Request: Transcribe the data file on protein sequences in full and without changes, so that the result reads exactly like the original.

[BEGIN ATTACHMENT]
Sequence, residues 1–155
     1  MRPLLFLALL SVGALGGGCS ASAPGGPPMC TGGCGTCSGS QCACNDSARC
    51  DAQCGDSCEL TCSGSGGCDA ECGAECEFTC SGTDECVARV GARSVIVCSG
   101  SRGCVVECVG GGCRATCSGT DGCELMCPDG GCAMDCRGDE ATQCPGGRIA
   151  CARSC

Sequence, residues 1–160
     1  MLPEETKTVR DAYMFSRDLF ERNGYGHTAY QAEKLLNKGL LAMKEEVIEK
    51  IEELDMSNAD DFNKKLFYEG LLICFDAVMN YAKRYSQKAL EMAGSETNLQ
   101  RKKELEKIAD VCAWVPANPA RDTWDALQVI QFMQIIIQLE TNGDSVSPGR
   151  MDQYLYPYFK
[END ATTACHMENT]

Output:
Sequence, residues 1–155
     1  MRPLLFLALL SVGALGGGCS ASAPGGPPMC TGGCGTCSGS QCACNDSARC
    51  DAQCGDSCEL TCSGSGGCDA ECGAECEFTC SGTDECVARV GARSVIVCSG
   101  SRGCVVECVG GGCRATCSGT DGCELMCPDG GCAMDCRGDE ATQCPGGRIA
   151  CARSC

Sequence, residues 1–160
     1  MLPEETKTVR DAYMFSRDLF ERNGYGHTAY QAEKLLNKGL LAMKEEVIEK
    51  IEELDMSNAD DFNKKLFYEG LLICFDAVMN YAKRYSQKAL EMAGSETNLQ
   101  RKKELEKIAD VCAWVPANPA RDTWDALQVI QFMQIIIQLE TNGDSVSPGR
   151  MDQYLYPYFK